It turns out that 5000 soldiers left San Francisco for Santo to be shipped out to the Solomons. But they travelled on a luxury ocean liner converted to a troop ship, not a military ship. The Navy had recently installed mines at the entrances of Segond Channel in Santo, unbeknownst to Captain Nelson of the President Coolidge. His instructions said nothing about mines, nor did the destroyer he met at the entrance. Apparently the Navy was very tight-lipped about the location, and even existence, of any mines and non-military ships were not privy to that information until the last possible moment.
Captain Nelson feared a torpedo attack from a Japanese submarine so took the clearest, fastest route into the harbor. As he entered a sign flashed: S T O P. He immediately reversed the engines but it was too late. The President Coolidge hit one mine and then another. With what momentum he had, the captain ran the ship ashore in attempt to save it and the crew. All but two of the 5,000 men made it to shore safely, but they left behind all their clothing, equipment, weapons and ammunition. The ship perched temporarily on a reef but when the stern filled with water the entire structure was pulled down and sank before anything, including trucks, tanks, medical supplies (including all the quinine the US had) and ammunition could be saved. It would be months before these solders had equipment again and were able to join the fight.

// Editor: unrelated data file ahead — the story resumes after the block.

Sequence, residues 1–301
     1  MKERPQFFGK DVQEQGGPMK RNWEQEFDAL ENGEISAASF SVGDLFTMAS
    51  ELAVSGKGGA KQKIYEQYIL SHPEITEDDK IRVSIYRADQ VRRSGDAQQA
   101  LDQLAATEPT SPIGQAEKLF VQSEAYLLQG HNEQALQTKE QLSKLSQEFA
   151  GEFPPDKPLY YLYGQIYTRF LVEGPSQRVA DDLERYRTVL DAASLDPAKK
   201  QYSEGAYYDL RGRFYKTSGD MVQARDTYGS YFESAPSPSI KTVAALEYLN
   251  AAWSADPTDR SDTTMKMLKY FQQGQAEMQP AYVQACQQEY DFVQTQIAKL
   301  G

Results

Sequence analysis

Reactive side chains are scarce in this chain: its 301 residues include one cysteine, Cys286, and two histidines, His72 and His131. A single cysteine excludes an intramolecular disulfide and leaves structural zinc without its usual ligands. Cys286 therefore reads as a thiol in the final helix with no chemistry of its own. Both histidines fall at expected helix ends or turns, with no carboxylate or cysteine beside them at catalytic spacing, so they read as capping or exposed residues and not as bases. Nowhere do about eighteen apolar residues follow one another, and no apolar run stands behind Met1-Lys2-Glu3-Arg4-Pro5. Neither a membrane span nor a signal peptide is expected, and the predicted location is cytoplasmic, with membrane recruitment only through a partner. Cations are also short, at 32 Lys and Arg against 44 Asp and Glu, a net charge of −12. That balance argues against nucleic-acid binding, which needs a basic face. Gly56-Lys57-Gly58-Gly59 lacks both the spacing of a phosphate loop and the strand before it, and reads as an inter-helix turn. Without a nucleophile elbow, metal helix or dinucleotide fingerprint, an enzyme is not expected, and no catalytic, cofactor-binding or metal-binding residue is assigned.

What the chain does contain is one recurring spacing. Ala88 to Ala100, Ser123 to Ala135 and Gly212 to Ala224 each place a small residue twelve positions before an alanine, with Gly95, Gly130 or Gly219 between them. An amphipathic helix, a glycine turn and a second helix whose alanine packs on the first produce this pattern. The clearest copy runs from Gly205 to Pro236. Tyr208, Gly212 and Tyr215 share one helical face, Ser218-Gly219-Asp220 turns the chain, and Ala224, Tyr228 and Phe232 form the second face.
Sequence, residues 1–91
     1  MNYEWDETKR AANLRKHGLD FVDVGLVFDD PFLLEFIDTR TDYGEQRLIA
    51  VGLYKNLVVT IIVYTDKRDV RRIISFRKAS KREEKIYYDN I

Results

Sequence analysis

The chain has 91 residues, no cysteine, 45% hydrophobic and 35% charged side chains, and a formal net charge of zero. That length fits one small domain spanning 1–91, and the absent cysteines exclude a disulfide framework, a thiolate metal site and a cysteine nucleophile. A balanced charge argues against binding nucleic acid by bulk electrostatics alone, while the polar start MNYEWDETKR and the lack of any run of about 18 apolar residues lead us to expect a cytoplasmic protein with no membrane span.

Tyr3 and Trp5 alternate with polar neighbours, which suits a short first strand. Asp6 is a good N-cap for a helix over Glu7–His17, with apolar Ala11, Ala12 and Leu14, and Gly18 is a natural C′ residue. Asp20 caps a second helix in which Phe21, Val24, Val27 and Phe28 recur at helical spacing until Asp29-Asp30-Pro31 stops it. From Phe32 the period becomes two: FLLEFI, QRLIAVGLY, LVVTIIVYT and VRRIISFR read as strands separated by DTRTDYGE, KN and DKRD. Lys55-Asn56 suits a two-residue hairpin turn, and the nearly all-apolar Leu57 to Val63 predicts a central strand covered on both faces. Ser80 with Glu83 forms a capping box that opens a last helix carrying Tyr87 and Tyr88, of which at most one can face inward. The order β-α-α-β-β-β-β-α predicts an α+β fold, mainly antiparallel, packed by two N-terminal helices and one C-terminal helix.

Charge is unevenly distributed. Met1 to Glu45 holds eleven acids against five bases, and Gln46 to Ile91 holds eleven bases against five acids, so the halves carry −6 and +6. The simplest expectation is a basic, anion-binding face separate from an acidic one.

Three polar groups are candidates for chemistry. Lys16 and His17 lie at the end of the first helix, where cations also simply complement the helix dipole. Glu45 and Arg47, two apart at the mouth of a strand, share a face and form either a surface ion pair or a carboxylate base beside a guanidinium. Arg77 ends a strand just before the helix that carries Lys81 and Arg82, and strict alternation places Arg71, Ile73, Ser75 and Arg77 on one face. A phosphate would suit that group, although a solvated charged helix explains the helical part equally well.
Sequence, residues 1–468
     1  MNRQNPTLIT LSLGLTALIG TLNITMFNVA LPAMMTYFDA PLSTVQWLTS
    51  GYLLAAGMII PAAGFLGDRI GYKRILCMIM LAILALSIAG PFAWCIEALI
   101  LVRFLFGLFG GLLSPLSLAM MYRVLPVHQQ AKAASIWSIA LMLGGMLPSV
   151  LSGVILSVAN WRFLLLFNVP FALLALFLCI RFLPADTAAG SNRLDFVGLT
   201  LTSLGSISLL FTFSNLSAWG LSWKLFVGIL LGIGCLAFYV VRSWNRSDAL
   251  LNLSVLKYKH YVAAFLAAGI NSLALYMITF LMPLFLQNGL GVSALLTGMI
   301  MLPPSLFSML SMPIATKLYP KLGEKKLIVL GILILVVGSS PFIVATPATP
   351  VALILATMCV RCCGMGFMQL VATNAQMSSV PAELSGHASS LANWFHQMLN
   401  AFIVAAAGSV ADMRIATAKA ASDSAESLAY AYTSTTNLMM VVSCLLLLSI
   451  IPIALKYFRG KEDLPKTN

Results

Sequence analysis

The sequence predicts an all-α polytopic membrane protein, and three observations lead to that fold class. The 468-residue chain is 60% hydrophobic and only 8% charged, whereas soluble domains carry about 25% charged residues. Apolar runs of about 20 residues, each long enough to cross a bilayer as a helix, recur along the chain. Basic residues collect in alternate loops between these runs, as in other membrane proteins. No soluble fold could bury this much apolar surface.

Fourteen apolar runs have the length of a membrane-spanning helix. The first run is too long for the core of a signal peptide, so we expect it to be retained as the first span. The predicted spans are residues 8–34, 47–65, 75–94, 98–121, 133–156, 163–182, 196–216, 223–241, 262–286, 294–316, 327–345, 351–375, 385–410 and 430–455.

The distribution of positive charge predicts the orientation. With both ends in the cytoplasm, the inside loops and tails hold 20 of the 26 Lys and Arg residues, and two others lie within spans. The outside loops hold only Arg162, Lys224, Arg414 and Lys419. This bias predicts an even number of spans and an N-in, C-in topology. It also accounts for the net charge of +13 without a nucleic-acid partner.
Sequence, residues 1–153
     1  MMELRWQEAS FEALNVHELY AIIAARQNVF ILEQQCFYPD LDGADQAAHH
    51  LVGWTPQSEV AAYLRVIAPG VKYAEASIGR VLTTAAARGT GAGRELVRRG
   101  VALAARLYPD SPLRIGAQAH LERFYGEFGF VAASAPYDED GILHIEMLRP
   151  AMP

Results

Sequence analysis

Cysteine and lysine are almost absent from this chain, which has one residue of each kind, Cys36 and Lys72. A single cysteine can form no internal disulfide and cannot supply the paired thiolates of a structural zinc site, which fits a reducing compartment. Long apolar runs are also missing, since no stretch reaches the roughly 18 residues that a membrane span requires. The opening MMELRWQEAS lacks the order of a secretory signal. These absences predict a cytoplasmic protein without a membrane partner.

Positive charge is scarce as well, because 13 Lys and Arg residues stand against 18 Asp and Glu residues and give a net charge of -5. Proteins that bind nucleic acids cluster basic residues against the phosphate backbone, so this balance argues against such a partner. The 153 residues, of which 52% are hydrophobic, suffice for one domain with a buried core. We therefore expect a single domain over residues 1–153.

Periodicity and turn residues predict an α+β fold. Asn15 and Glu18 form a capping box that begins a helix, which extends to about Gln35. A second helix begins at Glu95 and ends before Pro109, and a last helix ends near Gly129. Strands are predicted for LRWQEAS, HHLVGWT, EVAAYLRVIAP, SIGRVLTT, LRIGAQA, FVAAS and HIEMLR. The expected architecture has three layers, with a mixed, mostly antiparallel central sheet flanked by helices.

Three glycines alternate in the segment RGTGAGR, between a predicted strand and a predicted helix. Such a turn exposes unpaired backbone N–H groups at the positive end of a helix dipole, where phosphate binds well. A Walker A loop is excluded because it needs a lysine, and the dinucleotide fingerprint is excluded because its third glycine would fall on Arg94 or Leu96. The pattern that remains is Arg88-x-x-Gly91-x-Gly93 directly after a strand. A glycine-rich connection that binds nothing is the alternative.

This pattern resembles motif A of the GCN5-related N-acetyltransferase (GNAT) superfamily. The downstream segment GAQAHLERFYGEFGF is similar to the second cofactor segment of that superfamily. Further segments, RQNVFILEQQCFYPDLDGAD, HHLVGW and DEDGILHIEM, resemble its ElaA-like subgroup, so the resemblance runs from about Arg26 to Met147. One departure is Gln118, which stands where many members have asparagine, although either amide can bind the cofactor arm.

Concerned about our skills and controlling our buoyancy inside the ship, with all the silt, we decided to leave the camera behind. I wish we had taken it, what we saw was incredible! In one hold there were more jeeps than we could count. In another hold we came face to face with the cannon of a giant tank. From outside we peered in to see the row of toilets.
Alfred, the divemaster, took us though holds one and two and showed us many things, large and small. On deck he opened a barrel to reveal several pair of shoes. The leather was still soft! Because the Coolidge is a National Park, nobody is allowed to take anything. I think the divemasters move things around slightly when showing them to divers, but everything remains with the ship.
To dive the Coolidge contact Allan Power Dive Tours at +678 36 822. It's all they do.
To dive the Coolidge or Tucker shipwrecks or reefs including Tutuba Point and Cindie's Reef contact Santo Dive at +678 77 58082. These guys are great!